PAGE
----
DNA molecules can be used as building elements of molecular robots. So far, however, only simple functions have been achieved with such DNA robots, for instance, walking in a controlled fashion and picking up nanoparticles. Now Lulu Qian and colleagues from Caltech have developed a DNA robot capable of performing more complex cargo-sorting tasks (Science 357, eaan6558; 2017) .
The cargo-sorting DNA robot is realized using a simple algorithm and three molecular building blocks. It is composed of a single-stranded DNA walker, one arm and one hand. The DNA walker consists of two foot domains of 6 nucleotides each and one leg domain of 15 nucleotides. It is capable of a random walk along a track of single-stranded extensions on a DNA origami surface via a reversible strand-displacement reaction, exploring the entire DNA origami surface. The arm and hand domains can pick up cargoes from randomly distributed locations, and drop them off at specified destinations. Once the cargo is dropped off, the DNA robot is free to visit other locations on the DNA origami surface and pick up new cargoes. This occurs repeatedly until all cargoes are sorted. The rigidity of the DNA origami, the DNA sequence of the foot domains of the walker and the purity of the DNA origami are crucial for the successful experimental implementation of the DNA robot.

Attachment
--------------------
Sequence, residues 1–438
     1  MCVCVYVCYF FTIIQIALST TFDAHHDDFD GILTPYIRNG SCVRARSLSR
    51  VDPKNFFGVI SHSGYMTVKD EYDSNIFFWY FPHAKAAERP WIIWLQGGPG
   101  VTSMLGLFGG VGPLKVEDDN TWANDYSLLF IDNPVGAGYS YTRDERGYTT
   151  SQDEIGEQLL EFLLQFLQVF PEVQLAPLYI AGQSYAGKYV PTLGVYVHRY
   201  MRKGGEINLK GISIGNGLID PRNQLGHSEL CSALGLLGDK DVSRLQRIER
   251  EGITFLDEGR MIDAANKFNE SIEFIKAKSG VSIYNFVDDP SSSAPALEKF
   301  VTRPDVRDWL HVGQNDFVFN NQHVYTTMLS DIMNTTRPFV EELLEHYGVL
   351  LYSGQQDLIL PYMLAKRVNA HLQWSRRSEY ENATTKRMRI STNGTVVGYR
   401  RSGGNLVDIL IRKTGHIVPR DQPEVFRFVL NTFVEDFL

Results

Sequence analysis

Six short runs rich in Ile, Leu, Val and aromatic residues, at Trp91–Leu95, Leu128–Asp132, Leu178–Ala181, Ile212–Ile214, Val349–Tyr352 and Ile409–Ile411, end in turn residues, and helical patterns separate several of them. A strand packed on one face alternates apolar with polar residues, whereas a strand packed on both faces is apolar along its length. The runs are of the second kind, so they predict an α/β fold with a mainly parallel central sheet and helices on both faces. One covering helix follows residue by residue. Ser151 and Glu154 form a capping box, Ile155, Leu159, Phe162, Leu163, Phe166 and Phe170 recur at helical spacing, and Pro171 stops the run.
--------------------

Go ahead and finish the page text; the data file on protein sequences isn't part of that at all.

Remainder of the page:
This DNA robot can also execute two distinct cargo-sorting tasks simultaneously, though the task completion level is sacrificed by 16–18% compared to only sorting one type of cargo. Furthermore, the researchers have shown that more DNA robots can work cooperatively to speed up the cargo sorting. The DNA robot performs an average of 296 steps to sort cargoes, which is between one and two orders of magnitude larger than previous DNA robot designs.
In principle, this system can be generalized to sort multiple populations of cargoes of various chemical molecules, nanoparticles and proteins from arbitrary locations without any energy supply. Therefore, it may find potential applications in chemical synthesis, molecular device fabrications and programmable therapeutics. However, the speed of the DNA robot needs to be further improved and more programming trials will be required for molecular robots to carry out more sophisticated tasks in smarter ways.